Some managers begin working at a company directly after college or graduate school. They spend their first few months in training programs, becoming familiar with the production process, company policies, and safety regulations. In large companies, many also spend short periods of time working in other departments, such as purchasing or accounting, to learn more about the company.

Important Qualities

Interpersonal skills. Industrial production must have excellent communication skills so they can work with managers from other departments, as well as with the company’s senior-level management.

Leadership skills. To keep the production process running smoothly, industrial production managers must motivate and direct the employees they manage.

Problem-solving skills. Production managers must be able to identify problems immediately and solve them. For example, if a product has a defect, the manager determines whether it is a onetime problem or the result of the production process.

Time-management skills. To meet production deadlines, managers must carefully manage their employees’ time as well as their own.

Licenses, Certifications, and Registrations

While not required, industrial production managers can earn certifications that show a higher level of competency in quality or management systems. The Association for Operations Management offers a Certified in Production and Inventory Management (CPIM) credential. The American Society for Quality offers credentials in quality control. Both certifications require specific amounts of work experience before applying for the credential, so they are generally not earned before entering the occupation.

Pay: 

The median annual wage for industrial production managers was $89,190 in May 2012. The median wage is the wage at which half the workers in the occupation earned more than the amount and half earned less. The lowest 10 percent earned less than $54,250, and the top 10 percent earned more than $150,020.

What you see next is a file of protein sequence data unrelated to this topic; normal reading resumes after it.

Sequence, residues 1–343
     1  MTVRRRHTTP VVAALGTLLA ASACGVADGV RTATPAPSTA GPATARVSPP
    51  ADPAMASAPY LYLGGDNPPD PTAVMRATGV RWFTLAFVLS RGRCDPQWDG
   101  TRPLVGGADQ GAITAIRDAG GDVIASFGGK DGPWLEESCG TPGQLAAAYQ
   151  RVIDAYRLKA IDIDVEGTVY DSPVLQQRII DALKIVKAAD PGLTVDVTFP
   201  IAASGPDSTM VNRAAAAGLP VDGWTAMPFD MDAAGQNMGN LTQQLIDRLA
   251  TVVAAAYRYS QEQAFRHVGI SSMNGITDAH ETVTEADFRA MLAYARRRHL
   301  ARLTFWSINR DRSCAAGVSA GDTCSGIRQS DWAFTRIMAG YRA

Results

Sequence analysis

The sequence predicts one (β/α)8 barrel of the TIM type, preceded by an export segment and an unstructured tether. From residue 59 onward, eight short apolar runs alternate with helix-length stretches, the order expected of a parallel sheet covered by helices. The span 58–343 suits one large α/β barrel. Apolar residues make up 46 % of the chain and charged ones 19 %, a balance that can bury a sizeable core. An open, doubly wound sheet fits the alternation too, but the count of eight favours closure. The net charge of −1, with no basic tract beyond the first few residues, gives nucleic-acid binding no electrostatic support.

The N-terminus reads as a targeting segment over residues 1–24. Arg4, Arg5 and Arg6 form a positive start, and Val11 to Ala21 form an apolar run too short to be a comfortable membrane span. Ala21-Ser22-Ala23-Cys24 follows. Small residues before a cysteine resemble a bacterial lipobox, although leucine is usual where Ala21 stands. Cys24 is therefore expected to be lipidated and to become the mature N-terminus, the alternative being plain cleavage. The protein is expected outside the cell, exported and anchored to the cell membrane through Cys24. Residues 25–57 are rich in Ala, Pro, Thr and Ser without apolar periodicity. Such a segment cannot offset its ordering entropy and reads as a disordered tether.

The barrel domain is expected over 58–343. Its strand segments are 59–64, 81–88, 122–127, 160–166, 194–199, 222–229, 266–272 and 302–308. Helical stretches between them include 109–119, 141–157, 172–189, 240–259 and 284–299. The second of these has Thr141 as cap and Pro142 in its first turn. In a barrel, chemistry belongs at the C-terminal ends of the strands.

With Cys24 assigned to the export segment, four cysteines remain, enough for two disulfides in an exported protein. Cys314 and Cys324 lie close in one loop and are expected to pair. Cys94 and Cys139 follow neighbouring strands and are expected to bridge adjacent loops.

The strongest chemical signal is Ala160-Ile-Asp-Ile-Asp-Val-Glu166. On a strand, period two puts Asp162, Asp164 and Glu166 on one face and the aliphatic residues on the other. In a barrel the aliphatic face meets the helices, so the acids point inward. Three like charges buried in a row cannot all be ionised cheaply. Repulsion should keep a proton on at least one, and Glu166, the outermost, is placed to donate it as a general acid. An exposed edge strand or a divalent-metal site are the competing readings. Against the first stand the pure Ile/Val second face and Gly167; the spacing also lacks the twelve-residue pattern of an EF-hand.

In May 2012, the median annual wages for industrial production managers in the top five manufacturing industries where these managers worked were as follows:

Chemical manufacturing $99,250
Transportation equipment manufacturing        91,870
Machinery manufacturing        87,270
Fabricated metal product manufacturing        82,730
Food manufacturing        80,430

Most industrial production managers work full time and almost half worked more than 40 hours per week in 2012.

Job Outlook: 

Employment of industrial production managers is projected to show little or no change from 2012 to 2022. Most of these managers are employed in various manufacturing industries, which are expected to see a decrease in overall employment as a result of increased productivity. In the past, employment of industrial production managers was less affected by productivity gains, since these managers were responsible for coordinating work activities with the goal of increased productivity. However, as facilities adapt to this new, leaner production model, employment of workers and managers should be equally affected by productivity increases.

Some manufacturing jobs are at risk of being sent to other countries with lower wages, dampening some employment growth. However, this risk may be reduced by recent trends of “reshoring”, where previously outsourced personnel and services are being brought back to the United States, and “domestic sourcing” where firms move jobs to lower cost regions of the United States instead of to other countries.

Job Prospects

Applicants who have a bachelor’s degree in industrial management or business administration should have the best prospects.

For More Information: 

For more information about careers in production management and certification, visit

Association for Operations Management (APICS)

For more information about quality management and certification, visit

American Society for Quality                                   

For general information about manufacturing careers, visit

National Association of Manufacturers

Source: Bureau of Labor Statistics, U.S. Department of Labor, 2014–2015 Occupational Outlook Handbook, http://www.bls.gov/ooh.